Anyhow, to cut a long story short, both charities parted ways and I ended up being offered a position as a counsellor at the cancer charity where I still work today, some three years on. The very cancer centre I had fancied working at when I spoke to that lady back in 1998!

Keep posted for how 'The Secret' applied to my writing life without me realising it as well!

Wednesday, April 18, 2007

Nice Review

I got a nice review for A Taste of Honey from ecataromance although the reviewer makes it sound as if Fran's job as a honey trapper is to sleep with men. It's not. She tests out their fidelity by seeing if they will chat her up or not. The family restaurant is called, The Vine Tree, not The Tree Vines as it says in the review. Apart from those minor quibbles the rest is great:

In order to raise some money to invest in the family business, Fran Santini works two jobs. The first is as a waitress in the family restaurant, with two brothers, Anthony and Mario. Her second job is as a honey trapper, an available woman that tries to get into a specific man's pants to prove that he cheats on his wife. However, when she messes up her latest case, mistaking the man she is suppose to honey trap with a total stranger, she is certain she will have to let her second job go. She is just not meant to be a honey trapper.

Travis O'Connell is a desperate man. He needs a job rather badly because he would like to go back to see his mom in Ireland and he would also like to buy a house where his dog Buster will be able to run as he wants. But to do so, he has to get the job in the family owned business where he has a job interview. On his way there, he gets hit on by a crazy woman, with beautiful legs, who thinks he is somebody else.

Fast forward a little bit. Imagine Travis’s surprise when, after being hired at The Tree Vines, he realizes that the boss's daughter is… the woman he thinks is a prostitute!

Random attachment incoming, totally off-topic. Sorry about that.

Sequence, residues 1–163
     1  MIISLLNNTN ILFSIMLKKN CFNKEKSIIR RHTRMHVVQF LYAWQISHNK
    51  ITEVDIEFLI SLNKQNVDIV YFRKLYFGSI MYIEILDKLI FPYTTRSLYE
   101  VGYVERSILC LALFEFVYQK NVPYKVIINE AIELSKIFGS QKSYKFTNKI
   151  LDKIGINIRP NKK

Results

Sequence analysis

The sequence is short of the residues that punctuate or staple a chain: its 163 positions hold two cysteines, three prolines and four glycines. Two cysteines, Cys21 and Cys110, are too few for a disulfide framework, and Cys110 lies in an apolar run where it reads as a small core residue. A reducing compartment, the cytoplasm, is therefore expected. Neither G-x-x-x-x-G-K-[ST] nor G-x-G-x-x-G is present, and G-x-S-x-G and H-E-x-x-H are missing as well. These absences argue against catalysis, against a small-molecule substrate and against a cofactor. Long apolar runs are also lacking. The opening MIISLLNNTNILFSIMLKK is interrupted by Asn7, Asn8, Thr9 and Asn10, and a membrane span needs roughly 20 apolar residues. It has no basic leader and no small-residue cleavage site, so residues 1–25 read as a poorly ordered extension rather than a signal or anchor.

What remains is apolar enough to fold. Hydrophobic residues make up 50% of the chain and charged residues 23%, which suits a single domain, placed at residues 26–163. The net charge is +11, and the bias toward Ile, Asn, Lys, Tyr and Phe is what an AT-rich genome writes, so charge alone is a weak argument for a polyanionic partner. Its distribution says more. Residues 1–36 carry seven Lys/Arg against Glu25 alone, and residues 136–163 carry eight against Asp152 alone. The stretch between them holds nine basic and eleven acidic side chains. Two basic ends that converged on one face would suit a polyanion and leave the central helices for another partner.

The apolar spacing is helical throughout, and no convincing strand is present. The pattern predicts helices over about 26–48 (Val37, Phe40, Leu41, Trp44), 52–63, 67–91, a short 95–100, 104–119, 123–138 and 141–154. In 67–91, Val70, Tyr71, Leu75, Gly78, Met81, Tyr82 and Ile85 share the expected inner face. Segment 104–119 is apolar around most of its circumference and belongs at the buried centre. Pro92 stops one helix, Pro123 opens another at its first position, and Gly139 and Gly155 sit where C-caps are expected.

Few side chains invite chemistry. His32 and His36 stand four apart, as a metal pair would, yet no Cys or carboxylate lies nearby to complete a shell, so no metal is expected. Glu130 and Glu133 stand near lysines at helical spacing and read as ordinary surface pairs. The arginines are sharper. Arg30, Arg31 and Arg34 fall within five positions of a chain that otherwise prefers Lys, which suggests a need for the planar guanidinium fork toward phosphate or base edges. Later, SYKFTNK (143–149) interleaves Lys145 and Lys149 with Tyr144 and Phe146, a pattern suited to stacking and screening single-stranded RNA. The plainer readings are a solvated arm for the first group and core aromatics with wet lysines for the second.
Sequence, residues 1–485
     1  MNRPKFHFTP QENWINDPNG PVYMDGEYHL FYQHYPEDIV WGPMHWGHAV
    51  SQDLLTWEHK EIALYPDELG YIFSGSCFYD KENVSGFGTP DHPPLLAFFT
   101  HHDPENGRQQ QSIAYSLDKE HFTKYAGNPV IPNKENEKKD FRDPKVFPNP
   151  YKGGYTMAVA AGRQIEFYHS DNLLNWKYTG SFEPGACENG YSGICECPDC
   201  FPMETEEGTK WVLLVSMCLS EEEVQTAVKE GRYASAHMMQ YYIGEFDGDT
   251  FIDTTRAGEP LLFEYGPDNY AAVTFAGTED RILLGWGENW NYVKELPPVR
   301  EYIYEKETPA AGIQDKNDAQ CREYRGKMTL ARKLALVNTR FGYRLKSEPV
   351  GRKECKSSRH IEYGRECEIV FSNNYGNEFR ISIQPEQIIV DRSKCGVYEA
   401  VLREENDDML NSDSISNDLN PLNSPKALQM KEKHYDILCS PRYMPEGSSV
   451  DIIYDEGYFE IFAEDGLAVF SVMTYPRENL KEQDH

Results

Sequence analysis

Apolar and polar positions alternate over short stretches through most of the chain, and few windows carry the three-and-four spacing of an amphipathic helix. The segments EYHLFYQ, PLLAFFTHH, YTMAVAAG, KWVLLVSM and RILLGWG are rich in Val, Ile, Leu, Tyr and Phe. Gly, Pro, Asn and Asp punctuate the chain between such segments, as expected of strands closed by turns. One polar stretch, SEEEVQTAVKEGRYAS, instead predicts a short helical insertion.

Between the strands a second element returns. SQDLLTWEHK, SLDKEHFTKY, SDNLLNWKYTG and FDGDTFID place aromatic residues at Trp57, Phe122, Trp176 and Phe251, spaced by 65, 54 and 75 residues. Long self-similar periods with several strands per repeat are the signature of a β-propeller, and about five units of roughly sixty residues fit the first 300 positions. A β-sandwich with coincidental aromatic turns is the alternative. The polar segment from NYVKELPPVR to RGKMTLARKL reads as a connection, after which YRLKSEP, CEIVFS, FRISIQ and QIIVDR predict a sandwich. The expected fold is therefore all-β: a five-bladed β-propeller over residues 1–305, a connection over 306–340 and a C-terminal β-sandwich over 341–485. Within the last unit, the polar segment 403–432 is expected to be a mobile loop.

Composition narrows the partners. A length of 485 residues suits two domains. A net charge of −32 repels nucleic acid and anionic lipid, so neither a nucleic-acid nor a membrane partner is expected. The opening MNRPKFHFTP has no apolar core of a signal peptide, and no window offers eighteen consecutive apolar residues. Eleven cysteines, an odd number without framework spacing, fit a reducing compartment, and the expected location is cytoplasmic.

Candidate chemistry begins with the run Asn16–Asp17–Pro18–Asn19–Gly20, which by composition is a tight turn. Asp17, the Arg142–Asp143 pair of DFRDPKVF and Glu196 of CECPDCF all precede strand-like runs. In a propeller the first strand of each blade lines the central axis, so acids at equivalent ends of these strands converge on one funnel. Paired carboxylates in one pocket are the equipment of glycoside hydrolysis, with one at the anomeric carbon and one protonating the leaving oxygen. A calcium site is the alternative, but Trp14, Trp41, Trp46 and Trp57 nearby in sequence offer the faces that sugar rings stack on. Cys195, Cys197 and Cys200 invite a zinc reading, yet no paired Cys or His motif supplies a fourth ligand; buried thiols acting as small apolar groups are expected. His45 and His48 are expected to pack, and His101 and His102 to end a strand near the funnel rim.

There are many subplots to A Taste of Honey which makes this story funny and entertaining! The secondary characters are also interesting and amusing. Ms Rees has written a witty, light and pleasurable read!

Reviewer Anne Chaput
Posted April 15, 2007

Tuesday, April 17, 2007

What's your favourite romance movie?

For me, it has to be, without a question of a doubt, Brief Encounter. This movie isn’t even a modern one. It was released in 1945 and directed by David Lean, starring fine English actors, Celia Johnson and Trevor Howard.

Laura Jessen, a married woman, takes a trip into Milford every Thursday. She comes from a middle-class background and on this particular day, shops then goes to the movies. It appears to be her weekly treat.

One Thursday, as she is waiting for her train [it was steam back then of course], a piece of grit blows into her eye and she encounters the debonair doctor, Alec Harvey, who kindly removes it for her.

She thinks no more of their encounter, but literally bumps into him again on one of her trips when he shares her table at a restaurant. They end up going to the cinema together and their romance flourishes.

She knows this is wrong and both of them are torn.